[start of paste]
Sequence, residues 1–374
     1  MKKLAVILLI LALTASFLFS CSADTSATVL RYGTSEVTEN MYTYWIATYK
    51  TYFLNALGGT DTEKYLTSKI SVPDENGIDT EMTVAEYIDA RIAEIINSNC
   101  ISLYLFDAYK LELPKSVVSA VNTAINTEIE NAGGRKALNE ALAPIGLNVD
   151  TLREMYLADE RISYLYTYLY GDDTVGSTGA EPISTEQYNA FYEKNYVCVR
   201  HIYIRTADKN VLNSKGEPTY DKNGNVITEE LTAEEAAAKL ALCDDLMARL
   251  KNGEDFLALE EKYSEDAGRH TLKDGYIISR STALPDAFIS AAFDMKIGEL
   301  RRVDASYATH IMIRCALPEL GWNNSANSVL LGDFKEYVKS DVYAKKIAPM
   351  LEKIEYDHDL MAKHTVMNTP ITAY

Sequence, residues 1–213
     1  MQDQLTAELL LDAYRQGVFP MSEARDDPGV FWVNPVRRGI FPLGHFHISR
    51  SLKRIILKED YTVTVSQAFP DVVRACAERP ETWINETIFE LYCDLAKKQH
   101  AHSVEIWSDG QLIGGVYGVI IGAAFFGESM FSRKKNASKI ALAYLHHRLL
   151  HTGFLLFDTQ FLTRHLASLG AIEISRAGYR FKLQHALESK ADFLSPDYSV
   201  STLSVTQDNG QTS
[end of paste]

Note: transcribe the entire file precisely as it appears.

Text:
Sequence, residues 1–374
     1  MKKLAVILLI LALTASFLFS CSADTSATVL RYGTSEVTEN MYTYWIATYK
    51  TYFLNALGGT DTEKYLTSKI SVPDENGIDT EMTVAEYIDA RIAEIINSNC
   101  ISLYLFDAYK LELPKSVVSA VNTAINTEIE NAGGRKALNE ALAPIGLNVD
   151  TLREMYLADE RISYLYTYLY GDDTVGSTGA EPISTEQYNA FYEKNYVCVR
   201  HIYIRTADKN VLNSKGEPTY DKNGNVITEE LTAEEAAAKL ALCDDLMARL
   251  KNGEDFLALE EKYSEDAGRH TLKDGYIISR STALPDAFIS AAFDMKIGEL
   301  RRVDASYATH IMIRCALPEL GWNNSANSVL LGDFKEYVKS DVYAKKIAPM
   351  LEKIEYDHDL MAKHTVMNTP ITAY

Sequence, residues 1–213
     1  MQDQLTAELL LDAYRQGVFP MSEARDDPGV FWVNPVRRGI FPLGHFHISR
    51  SLKRIILKED YTVTVSQAFP DVVRACAERP ETWINETIFE LYCDLAKKQH
   101  AHSVEIWSDG QLIGGVYGVI IGAAFFGESM FSRKKNASKI ALAYLHHRLL
   151  HTGFLLFDTQ FLTRHLASLG AIEISRAGYR FKLQHALESK ADFLSPDYSV
   201  STLSVTQDNG QTS